The Logitech Harmony has always been the kind of remote you wouldn’t want to stuff in between the couch cushions. Besides being able to control a plethora of AV devices, these controllers look good enough to leave right in the middle of the coffee table. There are options for both the budget-minded and those looking for something with a bit more flash. That said, they’ve always had limited capabilities when used in the Electronic House.
Oh sure, each Harmony controller can replace multiple remotes. The cheapie Logitech Harmony 350 ($39.98) can tackle up to eight AV components, while the Harmony Ultimate One ($249.99) can handle as many as 15. However, the great thing about the newly announced Logitech Harmony Elite ($349.99) is that it can control up to 15 AV devices, but also adds in support for an unlimited number of connected home products. Unlimited!
The Harmony Elite also has the company’s slickest touchscreen to date, along with gesture controls, motion sensing, vibration feedback, and a replaceable battery that promises 20 percent greater capacity over previous models.
Of course, one of the best things about the Logitech Harmony Elite is something that’s included on all Harmony remotes. Having those one-touch Activities means that you can use the Harmony Elite to dim the lights, adjust the shades, fire up the AC, and turn on the TV—all with the touch of one button.
The Logitech Harmony Elite is packaged with the Harmony Hub, two IR mini-blasters, a charging station, power adapters, and a USB cable.
Every smart home system has some sort of hub these days and the Harmony Elite is no different. The Harmony Hub is really the center of this setup. Every command sent from the Harmony Elite or even the Harmony app goes to the Hub, which relays it to the necessary devices. It features support for Bluetooth, WiFi and infrared (IR). The Harmony Hub is slim enough to slip into any available space, but if you’d prefer to tuck it into an AV cabinet, Logitech recommends adding in the mini-blasters. If you opt for that setup, one blaster connects to the Hub, while one is left out in the open. My setup isn’t enclosed. However, I never had problems turning living room devices on and off from the kitchen or another room.
While you’re trying to figure out where to place the Harmony Hub, charge up the remote. Just plug in the included charging station and park the remote in it. In fact, Logitech says that you should keep the remote charging whenever you aren’t flipping channels. I left it in the cradle overnight before trying to configure anything.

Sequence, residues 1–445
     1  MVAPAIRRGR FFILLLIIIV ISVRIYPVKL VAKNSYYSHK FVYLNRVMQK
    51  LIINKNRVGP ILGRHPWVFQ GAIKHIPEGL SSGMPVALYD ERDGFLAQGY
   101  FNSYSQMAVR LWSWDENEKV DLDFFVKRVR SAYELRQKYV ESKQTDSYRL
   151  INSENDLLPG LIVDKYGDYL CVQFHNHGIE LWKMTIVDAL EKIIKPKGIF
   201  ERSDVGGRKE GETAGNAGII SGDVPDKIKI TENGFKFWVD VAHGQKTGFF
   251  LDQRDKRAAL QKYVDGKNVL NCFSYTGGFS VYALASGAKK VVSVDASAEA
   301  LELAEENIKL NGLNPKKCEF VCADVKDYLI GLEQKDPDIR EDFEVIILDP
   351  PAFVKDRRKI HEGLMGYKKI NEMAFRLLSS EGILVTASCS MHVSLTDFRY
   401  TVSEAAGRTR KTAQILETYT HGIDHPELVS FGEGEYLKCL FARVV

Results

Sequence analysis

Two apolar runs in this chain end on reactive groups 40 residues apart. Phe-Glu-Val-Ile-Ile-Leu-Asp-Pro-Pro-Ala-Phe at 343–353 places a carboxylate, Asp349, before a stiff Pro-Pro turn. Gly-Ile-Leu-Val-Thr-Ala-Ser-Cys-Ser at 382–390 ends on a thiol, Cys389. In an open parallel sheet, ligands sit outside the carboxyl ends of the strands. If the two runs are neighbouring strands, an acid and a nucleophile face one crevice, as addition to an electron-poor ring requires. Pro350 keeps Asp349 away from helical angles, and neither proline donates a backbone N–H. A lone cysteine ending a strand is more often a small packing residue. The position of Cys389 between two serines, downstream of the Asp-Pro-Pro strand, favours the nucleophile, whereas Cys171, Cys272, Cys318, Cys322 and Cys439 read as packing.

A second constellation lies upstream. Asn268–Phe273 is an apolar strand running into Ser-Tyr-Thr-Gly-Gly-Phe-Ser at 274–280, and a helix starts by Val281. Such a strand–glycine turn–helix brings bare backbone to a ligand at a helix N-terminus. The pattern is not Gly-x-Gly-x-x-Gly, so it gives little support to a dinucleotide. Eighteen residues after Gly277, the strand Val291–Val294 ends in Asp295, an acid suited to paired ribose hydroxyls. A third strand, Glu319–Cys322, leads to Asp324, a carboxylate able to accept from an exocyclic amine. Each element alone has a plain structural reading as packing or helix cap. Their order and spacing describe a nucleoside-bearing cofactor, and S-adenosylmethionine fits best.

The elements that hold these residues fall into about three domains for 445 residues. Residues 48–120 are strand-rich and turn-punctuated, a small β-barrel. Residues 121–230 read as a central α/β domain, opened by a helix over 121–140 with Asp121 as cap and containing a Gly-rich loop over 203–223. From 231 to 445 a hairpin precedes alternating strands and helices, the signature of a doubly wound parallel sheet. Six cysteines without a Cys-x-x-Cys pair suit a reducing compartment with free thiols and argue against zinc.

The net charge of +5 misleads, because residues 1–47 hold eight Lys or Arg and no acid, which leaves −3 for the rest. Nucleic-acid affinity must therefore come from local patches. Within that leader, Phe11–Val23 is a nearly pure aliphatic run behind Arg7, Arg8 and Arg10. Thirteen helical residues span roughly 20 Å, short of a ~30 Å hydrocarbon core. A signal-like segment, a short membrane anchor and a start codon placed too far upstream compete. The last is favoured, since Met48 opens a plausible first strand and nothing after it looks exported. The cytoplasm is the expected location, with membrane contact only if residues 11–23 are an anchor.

The next step is to download the Harmony app, which is free for iOS and Android devices. Yes, even a remote has its own app! After launching the app, you’ll be prompted to connect to an existing Harmony Hub or a new one. This was a really easy process from my iPad, since the app found my Hub in seconds. Just know that you will need your WiFi password to complete a new installation.
You’ll also need to create a Harmony account, if you don’t already have one. This involves a name, an email address, and a password. Once you have that account, you can start adding devices—or have the Harmony app scan for them automatically. Within seconds, the app found my DISH Network Hopper DVR and the two Joey boxes in other rooms, my Yamaha receiver, a Roku 3 streamer, and the Lutron Caseta Smart Bridge. (Sadly, my Nest thermostat is currently disabled, while we finish adding in a new furnace.) I had to manually add my TV and my Blu-ray player, which basically involved typing in brand names and model numbers.
From the app, I was able to flip devices on and off, but it also makes suggestions for Activities and devices to include in those. For instance, the app recommended putting the TV, the DVR and the receiver under one button labeled “Watch TV.” Besides clicking the devices you want to include, you can also set inputs during the Activity setup process, so the entire action is seamless.